It declares that human rights are universal – to be enjoyed by all people, no matter who they are or where they live.
The Universal Declaration includes civil and political rights, like the right to life, liberty, free speech and privacy. It also includes economic, social and cultural rights, like the right to social security, health and education.
It begins with a preamble using the word “whereas” as a basis by default for agreed public reasons to proceed with the adoption of its articles. This word was repeated seven times, citing reasons ranging from recognition of human dignity and equal rights as a basis for freedom and justice, the emergence of barbarous violence that harmed human conscience, as justifications for establishing 30 agreed human rights for all peoples.
These two books or charters of human rights are undoubtedly of the most essential documents dealing with human rights.
But there’s a book that is unfortunately not mentioned anywhere in the west even though it is the oldest book of human rights and the most complete.
But before talking about that one-of-a-kind human rights book, it’s worth mentioning the following:
Within a social system established by the Seal of the Prophets is a full set of rights for humankind, according to the humanitarian principles of the Holy Quran, as the Almighty says, “And We have certainly honored the children of Adam and carried them on the land and sea and provided for them of the good things and preferred them over much of what We have created, with [definite] preference.” (17:70)
The Infallible Imams completed the mission of applying this integrated model of the human rights system and have defended it with their lives.
Here comes the importance of the role of a personality we spoke a few days ago – Imam Ali al-Sajjad, peace be upon him. Imam Ali al-Sajjad brought to light the general rights of the nation through his “Risalut al-Huquq” or the Treatise of Rights, which included 50 categories, providing the basis of all human rights books and charters to come.
The treatise was written immediately after the Event of al-Taff in the second half of the first century AH, indicating what was overlooked by the UN’s declaration from emotional and spiritual aspects.
It includes 50 rights, beginning with the Greatest Right of God, in which he says, “The greatest right of God against you is that you worship Him without associating anything with Him. When you do that with sincerity (ikhlas), He has made it binding upon Himself to give you sufficiency in the affair of this world and the next.”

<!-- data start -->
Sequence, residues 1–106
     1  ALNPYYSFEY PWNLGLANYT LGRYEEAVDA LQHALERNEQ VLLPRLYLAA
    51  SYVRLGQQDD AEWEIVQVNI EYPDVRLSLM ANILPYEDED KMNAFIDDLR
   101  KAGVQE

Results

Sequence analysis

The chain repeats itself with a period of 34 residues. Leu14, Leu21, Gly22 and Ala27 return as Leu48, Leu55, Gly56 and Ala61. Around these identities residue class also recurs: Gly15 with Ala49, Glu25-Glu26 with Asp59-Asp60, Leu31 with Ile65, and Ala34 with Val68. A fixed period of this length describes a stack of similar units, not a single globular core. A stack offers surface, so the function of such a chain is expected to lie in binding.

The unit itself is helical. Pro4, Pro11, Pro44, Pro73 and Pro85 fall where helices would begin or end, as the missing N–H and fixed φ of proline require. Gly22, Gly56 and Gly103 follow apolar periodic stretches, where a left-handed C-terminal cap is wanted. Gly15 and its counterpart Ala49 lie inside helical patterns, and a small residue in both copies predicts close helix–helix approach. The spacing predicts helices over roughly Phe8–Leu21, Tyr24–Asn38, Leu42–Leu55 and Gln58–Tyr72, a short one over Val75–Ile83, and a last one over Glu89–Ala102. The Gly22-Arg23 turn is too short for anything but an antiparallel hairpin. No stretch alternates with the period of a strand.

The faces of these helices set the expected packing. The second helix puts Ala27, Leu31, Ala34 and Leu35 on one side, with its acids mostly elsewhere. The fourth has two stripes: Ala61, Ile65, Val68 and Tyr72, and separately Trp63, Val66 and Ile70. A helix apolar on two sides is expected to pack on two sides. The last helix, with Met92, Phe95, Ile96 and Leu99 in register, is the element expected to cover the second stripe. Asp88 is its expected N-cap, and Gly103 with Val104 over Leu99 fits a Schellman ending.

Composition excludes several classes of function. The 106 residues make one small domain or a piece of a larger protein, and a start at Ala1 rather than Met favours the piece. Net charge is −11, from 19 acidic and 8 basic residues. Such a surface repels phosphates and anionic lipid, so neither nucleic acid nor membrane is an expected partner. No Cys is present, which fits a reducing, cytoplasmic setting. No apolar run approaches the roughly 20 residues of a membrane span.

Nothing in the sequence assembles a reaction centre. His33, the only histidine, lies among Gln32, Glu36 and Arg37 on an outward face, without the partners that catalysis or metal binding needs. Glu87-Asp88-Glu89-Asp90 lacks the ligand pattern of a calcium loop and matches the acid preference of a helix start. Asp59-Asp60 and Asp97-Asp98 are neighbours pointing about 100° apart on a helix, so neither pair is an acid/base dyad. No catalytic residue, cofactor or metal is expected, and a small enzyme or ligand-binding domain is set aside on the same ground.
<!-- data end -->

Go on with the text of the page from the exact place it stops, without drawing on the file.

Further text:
Imam Al-Sajjad continues in elucidating the rights of the self, the five senses, body organs, fast, prayer, charity, the possessor of authority, kin, neighbor, partner, property, economics, people of other religions, seniors, young ones, people of your creed, etc., as the reader will see it as an integrated lifestyle and constitution to ensure decent living in different societies.
With this precise classification of rights, the application of the human rights by Imam al-Sajjad, peace be upon him, is one of the most important accomplishments of this infallible figure. He used to buy slaves and teach them the prayer, the Quran and the rulings of the Islamic religion, and then frees them to practice their constructive role in life, becoming noble families within the Islamic community and an integral part of the Islamic nation.
The Imam aimed at abolishing slavery, in the era when slave trade was still popular, through the application of the Holy Quran’s concepts that refer to the importance of freeing the necks (of slaves) and the great reward for it. Many of the helpers began to follow this order until the slave market reached its lowest levels and finally down to its near extinction at the present time.
The Treatise of Rights is distinguished by its inclusiveness of both material and emotional aspects, superior to that of any sophisticated human being, even after 14 centuries of intellectual, juridical and cultural development.